#CCRC20: Losing its appeal
In April 1997 that the first miscarriage of justice watchdog began its work. The Criminal Cases Review Commission is now 20 years old. A milestone has been reached but should we be celebrating the CCRC’s anniversary? Professor Julie Price, director of Cardiff Law School Innocence Project, introduces our #CCRC20 series. You can read her articles for the Justice Gap here.
Our innocence project at Cardiff Law School is youthful in comparison to the CCRC – we’re almost 12 years old. Over a dozen years, we’ve looked closely at about 40 cases where people are maintaining innocence, and we’ve unearthed serious concerns with the safety of many convictions. This is, admittedly, only a miniscule number compared to the review workload of the CCRC, and to the regular caseload of practising criminal appeals lawyers.
Along the way, we’ve educated about 750 students about very real difficulties with the criminal appeals system. They have seen individuals destroyed and families torn apart in a way that you just don’t experience from law textbooks.
What is the CCRC and how does it operate? What dealings do we have with that organisation, and what do we think of those encounters? How easy or difficult is it in reality to overturn a wrongful conviction? What are we learning?
We will discuss such matters in a series of articles over coming weeks. They will be written largely by some of our current students, with contributions from families of people maintaining innocence. This series will be our contribution to marking the important 20-year milestone for the body with which we have a sometimes constructive, but often frustrating, relationship as a “stakeholder”.
Over the past nine years, every March/April we have held an annual ‘innocence week’ at Cardiff, aiming to raise public awareness of the issue of the wrongful conviction of innocent people. So, thank you, CCRC, for having your significant birthday at the same time that we usually turn our attention to awareness raising!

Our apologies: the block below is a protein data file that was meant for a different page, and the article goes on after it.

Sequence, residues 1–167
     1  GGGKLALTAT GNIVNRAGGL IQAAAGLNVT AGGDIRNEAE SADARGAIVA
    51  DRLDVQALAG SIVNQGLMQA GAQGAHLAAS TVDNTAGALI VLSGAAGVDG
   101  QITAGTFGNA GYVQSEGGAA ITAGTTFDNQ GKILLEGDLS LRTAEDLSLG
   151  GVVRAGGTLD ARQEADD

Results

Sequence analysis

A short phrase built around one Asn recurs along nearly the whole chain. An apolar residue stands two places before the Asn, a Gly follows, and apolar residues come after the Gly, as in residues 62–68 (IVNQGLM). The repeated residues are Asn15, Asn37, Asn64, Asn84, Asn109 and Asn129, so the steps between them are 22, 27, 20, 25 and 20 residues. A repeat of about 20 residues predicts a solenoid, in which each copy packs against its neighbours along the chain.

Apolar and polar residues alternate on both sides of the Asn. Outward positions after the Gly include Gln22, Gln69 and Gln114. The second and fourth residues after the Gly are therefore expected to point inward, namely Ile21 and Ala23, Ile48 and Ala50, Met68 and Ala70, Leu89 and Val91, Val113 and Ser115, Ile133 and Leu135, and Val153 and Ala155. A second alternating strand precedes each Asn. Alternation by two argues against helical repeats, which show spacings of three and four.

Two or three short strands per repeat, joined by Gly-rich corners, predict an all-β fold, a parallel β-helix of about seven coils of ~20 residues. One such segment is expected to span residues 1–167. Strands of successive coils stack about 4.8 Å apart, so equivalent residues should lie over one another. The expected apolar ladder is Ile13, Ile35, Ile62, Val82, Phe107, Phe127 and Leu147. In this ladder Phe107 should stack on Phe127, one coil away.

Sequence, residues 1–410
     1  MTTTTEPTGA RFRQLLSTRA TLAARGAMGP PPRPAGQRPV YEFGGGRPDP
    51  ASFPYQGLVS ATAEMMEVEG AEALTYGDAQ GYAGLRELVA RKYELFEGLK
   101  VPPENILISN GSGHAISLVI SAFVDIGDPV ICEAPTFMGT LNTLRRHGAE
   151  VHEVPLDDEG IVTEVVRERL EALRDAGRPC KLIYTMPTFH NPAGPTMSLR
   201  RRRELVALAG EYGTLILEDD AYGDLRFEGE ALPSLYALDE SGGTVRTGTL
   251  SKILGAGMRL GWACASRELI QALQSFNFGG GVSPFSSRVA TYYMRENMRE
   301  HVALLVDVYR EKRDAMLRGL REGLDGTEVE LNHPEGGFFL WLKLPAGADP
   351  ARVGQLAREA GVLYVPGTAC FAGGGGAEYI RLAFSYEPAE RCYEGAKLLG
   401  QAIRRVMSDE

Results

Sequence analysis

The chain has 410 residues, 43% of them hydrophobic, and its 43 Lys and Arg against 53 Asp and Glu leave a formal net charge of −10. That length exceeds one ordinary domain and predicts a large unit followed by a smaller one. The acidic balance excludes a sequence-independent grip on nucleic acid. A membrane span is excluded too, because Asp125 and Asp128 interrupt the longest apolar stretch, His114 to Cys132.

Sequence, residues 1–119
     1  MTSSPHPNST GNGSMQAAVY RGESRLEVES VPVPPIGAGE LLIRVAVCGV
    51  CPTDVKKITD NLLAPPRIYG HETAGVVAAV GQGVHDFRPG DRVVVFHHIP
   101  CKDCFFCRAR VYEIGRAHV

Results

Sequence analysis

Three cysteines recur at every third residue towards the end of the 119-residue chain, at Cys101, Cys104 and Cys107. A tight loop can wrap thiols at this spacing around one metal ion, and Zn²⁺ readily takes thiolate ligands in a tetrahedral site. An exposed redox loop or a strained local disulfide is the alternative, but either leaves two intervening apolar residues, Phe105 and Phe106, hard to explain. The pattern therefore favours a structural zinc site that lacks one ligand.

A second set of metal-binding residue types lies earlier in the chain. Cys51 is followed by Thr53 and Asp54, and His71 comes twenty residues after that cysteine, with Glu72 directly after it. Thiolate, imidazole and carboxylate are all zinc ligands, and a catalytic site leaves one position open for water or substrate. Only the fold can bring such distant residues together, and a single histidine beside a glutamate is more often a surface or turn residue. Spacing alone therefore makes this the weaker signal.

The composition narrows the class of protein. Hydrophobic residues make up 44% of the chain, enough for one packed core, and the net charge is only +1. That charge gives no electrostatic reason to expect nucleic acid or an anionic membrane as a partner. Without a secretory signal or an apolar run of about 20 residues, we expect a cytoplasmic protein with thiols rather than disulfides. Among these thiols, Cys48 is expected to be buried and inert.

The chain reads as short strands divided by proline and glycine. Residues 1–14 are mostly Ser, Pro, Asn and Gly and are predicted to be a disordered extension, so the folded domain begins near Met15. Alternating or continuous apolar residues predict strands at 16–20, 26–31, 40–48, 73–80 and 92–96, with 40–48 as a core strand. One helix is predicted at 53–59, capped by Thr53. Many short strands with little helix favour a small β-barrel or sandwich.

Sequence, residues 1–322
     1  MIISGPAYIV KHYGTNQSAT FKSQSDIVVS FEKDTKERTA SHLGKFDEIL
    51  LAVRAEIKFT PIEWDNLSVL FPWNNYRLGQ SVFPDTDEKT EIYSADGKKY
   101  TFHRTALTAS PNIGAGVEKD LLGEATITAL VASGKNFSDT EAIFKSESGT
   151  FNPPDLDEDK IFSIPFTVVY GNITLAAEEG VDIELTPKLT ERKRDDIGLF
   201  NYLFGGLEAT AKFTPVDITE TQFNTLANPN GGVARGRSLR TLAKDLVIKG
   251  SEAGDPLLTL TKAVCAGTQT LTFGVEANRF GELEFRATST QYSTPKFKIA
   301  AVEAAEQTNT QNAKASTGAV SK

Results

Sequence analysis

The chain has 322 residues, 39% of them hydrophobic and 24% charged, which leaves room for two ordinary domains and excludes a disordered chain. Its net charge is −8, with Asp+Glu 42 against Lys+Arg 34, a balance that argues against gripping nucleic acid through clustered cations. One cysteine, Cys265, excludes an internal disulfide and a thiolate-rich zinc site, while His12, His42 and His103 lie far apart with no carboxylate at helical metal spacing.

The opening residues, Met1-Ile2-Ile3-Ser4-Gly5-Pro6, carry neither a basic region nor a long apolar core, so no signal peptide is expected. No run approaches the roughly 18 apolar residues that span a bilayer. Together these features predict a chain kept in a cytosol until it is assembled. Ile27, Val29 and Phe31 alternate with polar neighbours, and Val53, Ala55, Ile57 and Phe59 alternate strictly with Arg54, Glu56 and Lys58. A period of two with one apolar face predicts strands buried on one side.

Ambitiously, we hope to present 20 articles for 20 years about 20 different issues or cases. Easter and Exams may intervene to stop the flow of student comment, but we’ll give it a try!
If our articles over the next few weeks indicate an appetite for wider student contribution to issues topical for Justice Gap, then we’ll think about further developing this (thanks to Jon and Justice Gap for facilitating this idea).
Is all this of any interest to those who consider themselves a million miles removed from the alien world of miscarriages of justice? We hope so – and if you are interested in the integrity of the justice system, then you should care about how this little-understood, cash-starved and overwhelmed organisation is functioning. There is plenty of interest in the topic of wrongful conviction generated by the likes of the US shows such as the Netflix series ‘Making a Murderer’ and the podcast ‘Serial’ but (we respectfully suggest) some of that should be directed to matters closer to home.
Should we be celebrating 20 years of the CCRC? The jury is out for now.
READ THE ARTICLES
Partly excellent, partly abysmal: Paul May of the Birmingham Six campaign reflects on 20 years of the CCRC
The Long Walk to Freedom: Mike White, an investigative journalist from New Zealand, visited the UK
Losing its appeal: Jon Robins speaks to the campaigners who made the case for a miscarriage watchdog
The following articles are by staff and students of the Cardiff Law School Innocence Project. They reflect their own personal views based on their project casework experiences, and are not the views of Cardiff University and/or Cardiff School of Law and Politics.
Should we be celebrating: Julie Price introduces the series
CCRC – The basics: Cardiff Law School Innocence Project
Police misconduct and the CCRC: Cardiff Law School Innocence Project
When the police can do no wrong: Alex Thomas
Policing the police: Jule Price
Cardiff Law School Innocence Project
Cardiff Law School Innocence Project was launched in 2005 (the first innocence project in the UK was launched by Dr Michael Naughton at Bristol earlier that year). The project allows students who are passionate about investigating alleged miscarriages of justice to work, sometimes under the supervision of practising solicitors and barristers, on cases of long-term prisoners who maintain their innocence of serious crimes for which they have been convicted. In 2103 Cardiff became the first university innocence project to successfully have a case referred to the Court of Appeal after submission to the Criminal Cases Review Commission. This led to it being the first to have a conviction overturned by the Court of Appeal in December 2014 – the murder conviction of Dwaine George. Articles by staff and students are their own views based on their project casework experiences, and are not the views of Cardiff University and/or Cardiff School of Law and Politics